Available literature demonstrates that the phenomenon of disability in a society is as old as the history of humankind (Sahin et al., 2010), though a lot of people are yet to come to terms with the fact that people with disabilities are normal human beings (Lili et al., 2012).The present paper attempts to bring into the limelight some prevailing social responses and attitudes towards the disabled persons that continue to substantially affect their lives and social interactions.
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In healthcare settings, available literature demonstrates that persons with disabilities are perceived by health professionals “…as passive recipients who, lack self confidence, are unable to meet their emotional needs and cannot take care of themselves” (Sahin et al., 2010 p. 2272). This attitude is responsible for the low-quality care provided to this group of the population. Additionally, some healthcare professionals feel that a person with a disability is different from normal in spite of a multiplicity of studies suggesting that persons with disabilities are not necessarily unwell and may not have an illness (Ten Klooster et al., 2009). However, health professionals with adequate education and awareness of people with disabilities develop a positive attitude towards this group of the population, viewing them as productive community members who have the capacity to not only decide what is their own self-interest, but also to lead a normal and fulfilling life (Ten Klooster et al., 2009).
In the general population, persons with disabilities are perceived as too demanding, dependent, and incapable of actualizing their creative capacity towards self-sufficiency (Ten Klooster et al., 2009). Additionally, it is normal for community members to view persons with disabilities as social outcasts, who are possessed by evil spirits and therefore must be ostracized from society (Ostapczuk & Musch, 2011). In many communities around the world, the physically or intellectually disabled people are evaluated through the lens of social cynicism, leading to the development of negative attitudes toward them as people who cannot be trusted with positions of power (Lili et al., 2012), and as people who cannot attend school and be gainfully employed (Ostapczuk & Musch, 2011). In workplace environments, the physically challenged people continue to face negative attitudes such as objections by staff members to routine utilization of wheelchairs, making their lives extremely difficult to manage (Sahin et al., 2010).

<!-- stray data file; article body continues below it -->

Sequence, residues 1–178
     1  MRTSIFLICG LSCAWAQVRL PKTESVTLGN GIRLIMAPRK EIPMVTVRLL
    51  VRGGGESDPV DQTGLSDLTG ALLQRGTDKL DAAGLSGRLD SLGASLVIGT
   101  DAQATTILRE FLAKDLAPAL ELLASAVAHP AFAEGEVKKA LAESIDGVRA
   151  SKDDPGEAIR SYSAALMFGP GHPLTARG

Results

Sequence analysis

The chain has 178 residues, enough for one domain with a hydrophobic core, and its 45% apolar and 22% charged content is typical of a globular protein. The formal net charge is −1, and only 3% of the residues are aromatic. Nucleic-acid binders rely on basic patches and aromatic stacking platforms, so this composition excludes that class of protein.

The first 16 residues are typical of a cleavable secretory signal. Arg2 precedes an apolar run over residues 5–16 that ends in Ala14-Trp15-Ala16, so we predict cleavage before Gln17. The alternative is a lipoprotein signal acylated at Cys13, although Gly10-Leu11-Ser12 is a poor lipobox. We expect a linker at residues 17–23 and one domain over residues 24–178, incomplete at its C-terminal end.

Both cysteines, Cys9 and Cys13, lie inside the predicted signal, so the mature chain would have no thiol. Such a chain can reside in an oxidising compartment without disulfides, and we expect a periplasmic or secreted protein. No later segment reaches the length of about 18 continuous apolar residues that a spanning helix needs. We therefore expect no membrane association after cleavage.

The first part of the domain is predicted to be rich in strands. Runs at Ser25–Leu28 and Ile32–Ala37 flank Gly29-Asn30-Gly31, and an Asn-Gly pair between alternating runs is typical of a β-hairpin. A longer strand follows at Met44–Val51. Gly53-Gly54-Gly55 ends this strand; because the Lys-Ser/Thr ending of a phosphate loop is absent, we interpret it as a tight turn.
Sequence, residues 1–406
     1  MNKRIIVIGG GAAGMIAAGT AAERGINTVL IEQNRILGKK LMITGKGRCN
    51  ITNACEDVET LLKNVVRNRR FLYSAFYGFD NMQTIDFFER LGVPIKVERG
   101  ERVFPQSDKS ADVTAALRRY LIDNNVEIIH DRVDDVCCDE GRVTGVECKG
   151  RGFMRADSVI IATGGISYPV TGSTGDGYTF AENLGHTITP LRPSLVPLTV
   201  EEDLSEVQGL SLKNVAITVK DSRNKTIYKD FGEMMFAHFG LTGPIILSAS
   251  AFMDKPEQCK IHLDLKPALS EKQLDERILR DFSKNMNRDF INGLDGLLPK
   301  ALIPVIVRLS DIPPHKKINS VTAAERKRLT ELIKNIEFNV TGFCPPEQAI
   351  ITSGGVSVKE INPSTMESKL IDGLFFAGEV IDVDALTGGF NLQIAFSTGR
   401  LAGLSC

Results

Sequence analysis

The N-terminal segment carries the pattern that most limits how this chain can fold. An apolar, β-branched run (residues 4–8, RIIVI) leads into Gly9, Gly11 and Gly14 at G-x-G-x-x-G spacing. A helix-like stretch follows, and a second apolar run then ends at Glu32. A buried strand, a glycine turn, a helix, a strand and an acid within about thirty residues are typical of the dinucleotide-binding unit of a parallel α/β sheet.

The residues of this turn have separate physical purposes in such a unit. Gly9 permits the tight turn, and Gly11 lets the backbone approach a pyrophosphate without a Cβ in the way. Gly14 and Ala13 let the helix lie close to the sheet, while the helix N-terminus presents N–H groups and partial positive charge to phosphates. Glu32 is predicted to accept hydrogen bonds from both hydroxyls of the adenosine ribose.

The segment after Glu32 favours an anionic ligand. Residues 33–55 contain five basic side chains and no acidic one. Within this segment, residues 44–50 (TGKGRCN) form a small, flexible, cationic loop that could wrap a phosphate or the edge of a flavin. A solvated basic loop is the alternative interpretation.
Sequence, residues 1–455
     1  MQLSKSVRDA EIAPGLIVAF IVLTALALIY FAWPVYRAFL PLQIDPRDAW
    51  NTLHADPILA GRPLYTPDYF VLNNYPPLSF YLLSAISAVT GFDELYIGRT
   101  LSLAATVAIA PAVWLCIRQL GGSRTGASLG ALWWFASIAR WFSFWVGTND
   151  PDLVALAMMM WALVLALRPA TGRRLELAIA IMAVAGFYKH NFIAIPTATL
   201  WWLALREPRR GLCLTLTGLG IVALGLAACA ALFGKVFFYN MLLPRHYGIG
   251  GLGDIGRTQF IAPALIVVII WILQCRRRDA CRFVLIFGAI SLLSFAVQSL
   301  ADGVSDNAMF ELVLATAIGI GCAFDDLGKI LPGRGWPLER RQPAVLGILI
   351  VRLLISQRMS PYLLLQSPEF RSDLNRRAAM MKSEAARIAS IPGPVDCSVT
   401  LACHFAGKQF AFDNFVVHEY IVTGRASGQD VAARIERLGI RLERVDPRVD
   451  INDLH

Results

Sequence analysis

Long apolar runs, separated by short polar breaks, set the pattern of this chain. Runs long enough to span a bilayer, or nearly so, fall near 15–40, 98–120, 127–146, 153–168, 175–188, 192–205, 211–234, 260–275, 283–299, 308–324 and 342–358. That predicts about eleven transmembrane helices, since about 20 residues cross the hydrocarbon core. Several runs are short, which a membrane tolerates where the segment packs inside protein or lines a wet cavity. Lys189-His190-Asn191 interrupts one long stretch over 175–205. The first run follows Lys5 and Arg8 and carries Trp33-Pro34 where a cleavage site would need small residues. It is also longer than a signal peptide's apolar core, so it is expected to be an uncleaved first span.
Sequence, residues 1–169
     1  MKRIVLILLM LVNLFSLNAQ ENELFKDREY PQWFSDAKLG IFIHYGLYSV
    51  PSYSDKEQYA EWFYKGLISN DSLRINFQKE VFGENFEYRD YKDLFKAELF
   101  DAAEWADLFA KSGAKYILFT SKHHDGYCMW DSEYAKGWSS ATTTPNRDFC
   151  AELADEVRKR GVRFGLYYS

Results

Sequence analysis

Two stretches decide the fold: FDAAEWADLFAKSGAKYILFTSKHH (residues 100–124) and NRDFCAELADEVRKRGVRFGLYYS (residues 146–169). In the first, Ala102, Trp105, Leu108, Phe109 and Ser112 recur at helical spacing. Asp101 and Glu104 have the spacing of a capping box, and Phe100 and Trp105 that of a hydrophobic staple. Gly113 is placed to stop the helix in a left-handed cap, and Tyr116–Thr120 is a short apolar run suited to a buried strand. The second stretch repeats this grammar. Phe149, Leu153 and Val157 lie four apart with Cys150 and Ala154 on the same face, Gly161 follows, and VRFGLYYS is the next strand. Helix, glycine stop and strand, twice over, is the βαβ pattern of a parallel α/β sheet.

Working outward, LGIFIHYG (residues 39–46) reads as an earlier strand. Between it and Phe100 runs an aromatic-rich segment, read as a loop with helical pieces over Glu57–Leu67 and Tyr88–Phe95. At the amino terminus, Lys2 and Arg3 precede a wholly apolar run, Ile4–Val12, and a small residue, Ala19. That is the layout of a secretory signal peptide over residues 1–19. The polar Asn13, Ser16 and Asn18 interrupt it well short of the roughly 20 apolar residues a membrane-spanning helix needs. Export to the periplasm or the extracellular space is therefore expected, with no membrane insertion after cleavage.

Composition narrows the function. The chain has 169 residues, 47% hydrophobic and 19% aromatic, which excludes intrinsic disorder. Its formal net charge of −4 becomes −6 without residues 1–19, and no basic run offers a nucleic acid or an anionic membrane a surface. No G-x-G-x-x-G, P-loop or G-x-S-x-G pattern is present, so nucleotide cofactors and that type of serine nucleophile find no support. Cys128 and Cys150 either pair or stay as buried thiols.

In treatment, it is evident that persons with disabilities are exposed to discriminative practices in the community, workplace and in healthcare settings, making it difficult for them to equitably access the resources available in the society such as healthcare and rehabilitation services necessary for their health and wellbeing (Sahin et al., 2010). This group of the population continues to suffer rejection and exclusion at the very hands of people expected to provide care and love to them. For example, the hostile physical environments in workplace settings continue to exclude persons with physical disabilities from proper use of toilets and other amenities. The society continues to demonstrate rejection and discrimination to persons with disabilities by refusing to incorporate them into the social networks and important decision making processes. It is important to note that many communities around the world do not include persons with disabilities in making decisions that actually affect them or impact upon their lives – may they be legislative decisions, health concerns or otherwise (Sahin et al., 2010).
In my opinion, some of the factors that underlie the discussed attitudes include lack of adequate education and awareness on the plight of persons with disabilities, negative labeling and social stigmatization, and lack of appropriate intervention approaches mirroring the needs of persons with disabilities at the community level.
Lili, M., Shuang, C., Mingjie, Z., & Jianzin, Z. (2012). Social axioms and implicit attitudes about people with disabilities. Social Behavior & Personality: An International Journal, 40(2), 251-258.
Ostapczuk, M., & Musch, J. (2011). Estimating the prevalence of negative attitudes towards people with disability: A comparison of direct questioning, perspective questioning and randomized response. Disability & Rehabilitation, 33(5), 399-411.
Sahin, H., & Akyol, A.D. (2010). Evaluation of nursing and medical students’ attitudes towards people with disabilities. Journal of Clinical Nursing, 19(15/16), 2271-2279.
Ten Klooster, P.M., Dannenberg, J.W., Tall, E., Burger, G., & Rasker, J. (2009). Attitudes towards people with physical or intellectual disabilities: Nursing students and non-nursing peers. Journal of Advanced Nursing, 65(12), 2562-2573.